On my last birthday, my older brothers took a bit of time to accept that their youngest sibling is a 50-something. To them, I’m forever the youngest which is true when compared to them and that stuck in their minds as someone in the 30s or 40s, just a bit older than their own children.
Being the youngest has its advantages. As a kid, my brothers had to give in to me most of the time or one at a time, that is, if I couldn’t get something from Number One, I went to Number Two and Three, in whatever order that suited me.
Of course it doesn’t work now, hasn’t been working for a long time. We’re all adults though I do enjoy a special place in their hearts as the reigning youngest child in that generation.
Growing up, I watched them through different phases in their lives like a preview of what’s to come for me, male version. I only got to learn sisterly stuff with close girlfriends and later from my sisters-in-laws. Still, it was interesting to learn about the things they went through and picked up wisdom nuggets along the way.
Today, my brothers are approaching or in their 60s, an age that’s generally accepted as senior, a euphemism for branding someone as “old”.
This morning, I watched a TED Talk by Jared Diamond on How societies can grow old better. He discussed the way old people are viewed and treated differently in different parts of the world. It is mostly depressing, if I must conclude of his talk. He has his points but I think he’s being too scholastic and draws too much into traditional, tribal, diverse worlds and times. His talk sounds even defensive.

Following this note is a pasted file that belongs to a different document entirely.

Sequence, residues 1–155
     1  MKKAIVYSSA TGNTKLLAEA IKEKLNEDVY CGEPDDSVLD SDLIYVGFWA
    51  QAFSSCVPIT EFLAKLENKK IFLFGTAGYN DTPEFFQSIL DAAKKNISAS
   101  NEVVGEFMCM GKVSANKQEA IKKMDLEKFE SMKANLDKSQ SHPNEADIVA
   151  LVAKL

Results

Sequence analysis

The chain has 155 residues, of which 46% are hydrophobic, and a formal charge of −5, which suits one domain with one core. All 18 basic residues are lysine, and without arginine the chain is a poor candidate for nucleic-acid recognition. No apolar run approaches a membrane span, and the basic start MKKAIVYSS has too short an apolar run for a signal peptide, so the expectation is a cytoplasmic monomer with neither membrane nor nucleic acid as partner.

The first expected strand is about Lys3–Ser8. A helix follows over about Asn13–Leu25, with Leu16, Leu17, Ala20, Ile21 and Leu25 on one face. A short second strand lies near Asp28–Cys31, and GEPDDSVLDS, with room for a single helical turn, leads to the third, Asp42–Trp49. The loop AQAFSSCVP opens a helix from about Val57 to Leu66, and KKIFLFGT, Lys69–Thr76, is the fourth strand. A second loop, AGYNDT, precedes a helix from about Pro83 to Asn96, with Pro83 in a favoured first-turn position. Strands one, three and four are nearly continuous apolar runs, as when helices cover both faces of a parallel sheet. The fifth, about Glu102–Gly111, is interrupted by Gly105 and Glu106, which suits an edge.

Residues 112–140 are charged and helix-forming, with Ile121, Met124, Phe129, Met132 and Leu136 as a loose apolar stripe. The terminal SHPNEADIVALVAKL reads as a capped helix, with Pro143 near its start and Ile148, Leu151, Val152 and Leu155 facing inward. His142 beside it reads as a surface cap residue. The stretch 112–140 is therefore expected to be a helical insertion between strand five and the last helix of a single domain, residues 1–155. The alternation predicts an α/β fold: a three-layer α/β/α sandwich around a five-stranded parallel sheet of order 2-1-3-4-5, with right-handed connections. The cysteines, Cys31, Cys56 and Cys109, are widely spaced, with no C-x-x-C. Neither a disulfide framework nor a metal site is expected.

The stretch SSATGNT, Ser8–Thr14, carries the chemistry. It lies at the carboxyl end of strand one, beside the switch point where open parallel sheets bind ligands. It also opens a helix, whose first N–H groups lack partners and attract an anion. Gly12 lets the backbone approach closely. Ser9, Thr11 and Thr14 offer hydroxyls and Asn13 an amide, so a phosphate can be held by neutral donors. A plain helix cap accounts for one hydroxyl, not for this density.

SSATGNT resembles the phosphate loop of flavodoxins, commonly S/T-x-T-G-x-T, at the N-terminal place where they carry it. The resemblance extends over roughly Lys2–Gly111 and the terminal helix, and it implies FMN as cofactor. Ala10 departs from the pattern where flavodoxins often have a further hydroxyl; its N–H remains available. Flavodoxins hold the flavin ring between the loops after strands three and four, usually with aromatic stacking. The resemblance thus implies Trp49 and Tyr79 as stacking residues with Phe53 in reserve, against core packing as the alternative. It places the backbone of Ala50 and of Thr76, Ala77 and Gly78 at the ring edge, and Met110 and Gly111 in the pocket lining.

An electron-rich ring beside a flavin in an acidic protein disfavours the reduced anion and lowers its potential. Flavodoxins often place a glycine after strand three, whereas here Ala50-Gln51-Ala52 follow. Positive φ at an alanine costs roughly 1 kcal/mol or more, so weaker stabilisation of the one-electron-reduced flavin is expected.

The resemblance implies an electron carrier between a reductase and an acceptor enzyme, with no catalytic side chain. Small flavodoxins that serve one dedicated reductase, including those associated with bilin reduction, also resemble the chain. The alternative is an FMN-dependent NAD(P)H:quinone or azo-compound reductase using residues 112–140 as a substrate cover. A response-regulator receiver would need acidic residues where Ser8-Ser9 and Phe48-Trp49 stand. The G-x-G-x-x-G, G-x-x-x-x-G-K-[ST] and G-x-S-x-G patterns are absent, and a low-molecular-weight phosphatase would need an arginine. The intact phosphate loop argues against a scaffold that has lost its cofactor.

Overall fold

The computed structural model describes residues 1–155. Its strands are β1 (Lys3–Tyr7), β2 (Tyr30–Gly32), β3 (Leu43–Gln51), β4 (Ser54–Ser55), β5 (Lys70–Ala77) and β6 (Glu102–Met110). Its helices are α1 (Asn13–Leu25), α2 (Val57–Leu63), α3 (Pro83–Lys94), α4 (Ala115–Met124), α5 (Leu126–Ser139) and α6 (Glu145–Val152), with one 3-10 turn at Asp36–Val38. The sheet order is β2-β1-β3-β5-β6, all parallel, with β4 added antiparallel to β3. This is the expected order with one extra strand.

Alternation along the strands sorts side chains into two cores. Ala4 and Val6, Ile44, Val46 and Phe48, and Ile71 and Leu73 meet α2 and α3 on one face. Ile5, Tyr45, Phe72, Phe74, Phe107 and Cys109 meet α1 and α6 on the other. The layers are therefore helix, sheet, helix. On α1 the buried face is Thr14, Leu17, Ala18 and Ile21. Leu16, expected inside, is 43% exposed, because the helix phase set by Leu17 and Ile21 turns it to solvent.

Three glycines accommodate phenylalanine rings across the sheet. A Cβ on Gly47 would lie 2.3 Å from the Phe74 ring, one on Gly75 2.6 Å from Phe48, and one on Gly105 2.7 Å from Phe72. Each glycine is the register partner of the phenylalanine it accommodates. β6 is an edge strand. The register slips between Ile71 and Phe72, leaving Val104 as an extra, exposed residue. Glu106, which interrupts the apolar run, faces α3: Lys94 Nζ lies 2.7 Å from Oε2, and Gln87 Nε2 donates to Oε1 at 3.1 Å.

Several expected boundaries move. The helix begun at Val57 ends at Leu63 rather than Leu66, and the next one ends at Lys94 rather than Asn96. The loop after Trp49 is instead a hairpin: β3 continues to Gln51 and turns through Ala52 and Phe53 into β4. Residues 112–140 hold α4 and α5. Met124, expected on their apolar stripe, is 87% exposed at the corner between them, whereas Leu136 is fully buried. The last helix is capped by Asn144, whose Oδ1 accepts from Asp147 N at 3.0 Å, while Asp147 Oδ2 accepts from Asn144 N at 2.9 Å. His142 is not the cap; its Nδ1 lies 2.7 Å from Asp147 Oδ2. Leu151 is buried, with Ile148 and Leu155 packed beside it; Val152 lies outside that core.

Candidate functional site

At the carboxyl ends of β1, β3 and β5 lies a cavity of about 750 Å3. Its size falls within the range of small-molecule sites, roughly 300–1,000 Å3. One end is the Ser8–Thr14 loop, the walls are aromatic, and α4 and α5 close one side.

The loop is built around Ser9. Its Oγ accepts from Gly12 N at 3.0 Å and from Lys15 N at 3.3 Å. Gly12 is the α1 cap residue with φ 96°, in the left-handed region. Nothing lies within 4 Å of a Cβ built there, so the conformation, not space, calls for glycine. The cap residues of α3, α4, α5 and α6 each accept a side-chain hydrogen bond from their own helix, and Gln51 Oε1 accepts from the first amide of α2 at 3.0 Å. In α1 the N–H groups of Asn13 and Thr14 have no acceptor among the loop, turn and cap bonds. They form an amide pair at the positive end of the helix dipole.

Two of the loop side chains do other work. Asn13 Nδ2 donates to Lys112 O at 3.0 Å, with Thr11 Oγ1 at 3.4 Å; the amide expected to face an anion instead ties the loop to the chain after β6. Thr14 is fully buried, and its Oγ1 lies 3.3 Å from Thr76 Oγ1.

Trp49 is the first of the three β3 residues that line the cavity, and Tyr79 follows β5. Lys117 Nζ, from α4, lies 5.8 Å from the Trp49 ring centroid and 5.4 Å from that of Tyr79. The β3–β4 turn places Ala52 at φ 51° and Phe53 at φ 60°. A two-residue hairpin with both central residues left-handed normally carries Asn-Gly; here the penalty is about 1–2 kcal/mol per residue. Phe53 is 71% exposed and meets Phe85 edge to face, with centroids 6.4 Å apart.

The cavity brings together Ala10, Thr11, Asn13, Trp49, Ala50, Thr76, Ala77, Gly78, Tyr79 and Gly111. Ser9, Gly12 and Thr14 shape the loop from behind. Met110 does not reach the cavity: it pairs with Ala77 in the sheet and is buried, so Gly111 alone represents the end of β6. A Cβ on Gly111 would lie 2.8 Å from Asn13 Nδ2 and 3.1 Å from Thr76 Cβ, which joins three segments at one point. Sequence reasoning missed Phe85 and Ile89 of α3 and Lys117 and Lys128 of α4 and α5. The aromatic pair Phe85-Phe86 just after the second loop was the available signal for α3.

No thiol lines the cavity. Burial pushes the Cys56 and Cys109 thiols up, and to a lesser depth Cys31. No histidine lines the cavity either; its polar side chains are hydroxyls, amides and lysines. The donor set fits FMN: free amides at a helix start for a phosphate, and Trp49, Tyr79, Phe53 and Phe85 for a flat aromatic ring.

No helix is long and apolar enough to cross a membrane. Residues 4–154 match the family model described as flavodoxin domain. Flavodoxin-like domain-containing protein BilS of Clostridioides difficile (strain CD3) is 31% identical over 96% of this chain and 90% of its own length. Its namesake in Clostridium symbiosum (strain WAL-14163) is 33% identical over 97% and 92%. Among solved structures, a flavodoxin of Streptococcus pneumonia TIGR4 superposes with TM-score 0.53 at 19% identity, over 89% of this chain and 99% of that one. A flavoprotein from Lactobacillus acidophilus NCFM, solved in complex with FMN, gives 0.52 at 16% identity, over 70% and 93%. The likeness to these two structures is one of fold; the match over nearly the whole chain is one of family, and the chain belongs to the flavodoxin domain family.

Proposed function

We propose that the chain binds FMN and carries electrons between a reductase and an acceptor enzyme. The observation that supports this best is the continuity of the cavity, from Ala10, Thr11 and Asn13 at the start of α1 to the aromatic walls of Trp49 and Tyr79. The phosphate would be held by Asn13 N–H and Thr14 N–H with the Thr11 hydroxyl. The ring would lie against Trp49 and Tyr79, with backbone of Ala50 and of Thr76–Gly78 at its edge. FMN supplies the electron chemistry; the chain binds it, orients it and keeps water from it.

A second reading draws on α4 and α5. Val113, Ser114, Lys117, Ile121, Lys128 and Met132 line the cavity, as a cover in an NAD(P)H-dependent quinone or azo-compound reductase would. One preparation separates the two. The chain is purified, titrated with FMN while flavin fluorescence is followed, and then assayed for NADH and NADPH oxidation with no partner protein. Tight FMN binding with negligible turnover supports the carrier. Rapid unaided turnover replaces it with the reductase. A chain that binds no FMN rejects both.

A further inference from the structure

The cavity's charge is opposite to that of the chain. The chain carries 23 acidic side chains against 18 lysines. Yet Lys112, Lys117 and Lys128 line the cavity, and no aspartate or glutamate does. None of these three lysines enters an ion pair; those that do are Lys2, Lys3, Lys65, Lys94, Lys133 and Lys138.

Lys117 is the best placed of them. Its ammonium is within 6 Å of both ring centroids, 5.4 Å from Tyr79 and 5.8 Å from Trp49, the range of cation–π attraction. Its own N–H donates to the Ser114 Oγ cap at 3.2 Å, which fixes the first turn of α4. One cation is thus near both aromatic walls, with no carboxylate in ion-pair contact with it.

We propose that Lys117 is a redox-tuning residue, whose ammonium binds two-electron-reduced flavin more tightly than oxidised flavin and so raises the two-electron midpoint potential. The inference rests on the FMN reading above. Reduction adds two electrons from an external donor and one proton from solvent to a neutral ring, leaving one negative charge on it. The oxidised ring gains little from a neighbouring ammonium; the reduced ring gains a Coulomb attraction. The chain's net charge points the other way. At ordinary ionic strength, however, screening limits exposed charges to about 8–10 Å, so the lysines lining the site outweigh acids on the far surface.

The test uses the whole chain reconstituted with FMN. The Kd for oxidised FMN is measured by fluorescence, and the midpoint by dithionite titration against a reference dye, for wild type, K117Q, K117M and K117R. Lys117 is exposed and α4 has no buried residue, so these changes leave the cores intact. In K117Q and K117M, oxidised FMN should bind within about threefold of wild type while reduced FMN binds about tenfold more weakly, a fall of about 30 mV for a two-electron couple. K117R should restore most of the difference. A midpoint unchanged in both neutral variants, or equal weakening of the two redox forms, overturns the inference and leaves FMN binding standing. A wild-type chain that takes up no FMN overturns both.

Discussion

We don’t need to be defensive about getting old when everyone in this world is experiencing the same thing from the new born to the oldest old person. It’s a natural process. But wait, what is not natural is society. Societies are man-made. That’s the problem isn’t it?
Today’s societies are different from one or two generations ago. As the pace of progress intensifies building on material acquisition, the framework of values and beliefs shifts into the background.
How society treats the old is reflective of how we teach our children. Our parents build these societies, we continue with their work and pass them to our children. So forget about what the government must do for us, what’s right or wrong, just work on what’s closest to us – our family.
At the end of the day, it’s always the family that we can count on regardless of age.